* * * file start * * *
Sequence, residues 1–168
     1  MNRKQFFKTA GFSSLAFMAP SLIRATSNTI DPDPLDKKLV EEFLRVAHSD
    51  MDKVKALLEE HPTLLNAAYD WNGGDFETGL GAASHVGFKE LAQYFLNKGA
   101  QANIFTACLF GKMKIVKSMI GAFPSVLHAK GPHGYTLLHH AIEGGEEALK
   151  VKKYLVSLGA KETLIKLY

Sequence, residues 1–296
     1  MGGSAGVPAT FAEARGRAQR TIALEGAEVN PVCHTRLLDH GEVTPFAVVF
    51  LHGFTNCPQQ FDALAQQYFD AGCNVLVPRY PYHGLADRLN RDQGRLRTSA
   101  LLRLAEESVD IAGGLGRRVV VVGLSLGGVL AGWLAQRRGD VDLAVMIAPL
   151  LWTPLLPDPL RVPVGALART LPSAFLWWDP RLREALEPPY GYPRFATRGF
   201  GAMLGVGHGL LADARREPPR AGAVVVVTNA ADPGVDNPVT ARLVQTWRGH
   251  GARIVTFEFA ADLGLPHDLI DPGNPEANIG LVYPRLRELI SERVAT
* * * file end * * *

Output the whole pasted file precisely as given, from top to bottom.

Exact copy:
Sequence, residues 1–168
     1  MNRKQFFKTA GFSSLAFMAP SLIRATSNTI DPDPLDKKLV EEFLRVAHSD
    51  MDKVKALLEE HPTLLNAAYD WNGGDFETGL GAASHVGFKE LAQYFLNKGA
   101  QANIFTACLF GKMKIVKSMI GAFPSVLHAK GPHGYTLLHH AIEGGEEALK
   151  VKKYLVSLGA KETLIKLY

Sequence, residues 1–296
     1  MGGSAGVPAT FAEARGRAQR TIALEGAEVN PVCHTRLLDH GEVTPFAVVF
    51  LHGFTNCPQQ FDALAQQYFD AGCNVLVPRY PYHGLADRLN RDQGRLRTSA
   101  LLRLAEESVD IAGGLGRRVV VVGLSLGGVL AGWLAQRRGD VDLAVMIAPL
   151  LWTPLLPDPL RVPVGALART LPSAFLWWDP RLREALEPPY GYPRFATRGF
   201  GAMLGVGHGL LADARREPPR AGAVVVVTNA ADPGVDNPVT ARLVQTWRGH
   251  GARIVTFEFA ADLGLPHDLI DPGNPEANIG LVYPRLRELI SERVAT